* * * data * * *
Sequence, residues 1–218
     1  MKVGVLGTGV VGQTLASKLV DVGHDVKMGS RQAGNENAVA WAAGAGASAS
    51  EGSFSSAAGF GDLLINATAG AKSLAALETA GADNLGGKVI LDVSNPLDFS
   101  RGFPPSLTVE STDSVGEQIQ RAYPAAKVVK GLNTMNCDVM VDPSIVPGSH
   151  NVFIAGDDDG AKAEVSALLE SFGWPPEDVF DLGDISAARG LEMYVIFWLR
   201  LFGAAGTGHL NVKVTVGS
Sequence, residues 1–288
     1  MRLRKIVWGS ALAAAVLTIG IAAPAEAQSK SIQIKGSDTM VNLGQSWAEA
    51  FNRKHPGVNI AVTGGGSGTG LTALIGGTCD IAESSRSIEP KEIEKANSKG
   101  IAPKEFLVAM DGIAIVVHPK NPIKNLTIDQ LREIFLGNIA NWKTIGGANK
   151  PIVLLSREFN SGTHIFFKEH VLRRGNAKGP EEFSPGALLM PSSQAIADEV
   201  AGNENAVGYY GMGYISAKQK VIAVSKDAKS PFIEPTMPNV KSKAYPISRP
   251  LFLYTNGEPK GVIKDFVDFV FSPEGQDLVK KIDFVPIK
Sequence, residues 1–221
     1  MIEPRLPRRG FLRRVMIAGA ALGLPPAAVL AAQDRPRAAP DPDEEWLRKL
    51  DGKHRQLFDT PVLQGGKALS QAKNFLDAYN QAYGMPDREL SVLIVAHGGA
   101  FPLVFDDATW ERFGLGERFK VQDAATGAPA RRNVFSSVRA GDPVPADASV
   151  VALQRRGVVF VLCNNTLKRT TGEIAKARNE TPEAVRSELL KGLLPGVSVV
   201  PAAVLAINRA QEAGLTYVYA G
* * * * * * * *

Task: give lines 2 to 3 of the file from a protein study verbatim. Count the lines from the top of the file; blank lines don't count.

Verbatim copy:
     1  MKVGVLGTGV VGQTLASKLV DVGHDVKMGS RQAGNENAVA WAAGAGASAS
    51  EGSFSSAAGF GDLLINATAG AKSLAALETA GADNLGGKVI LDVSNPLDFS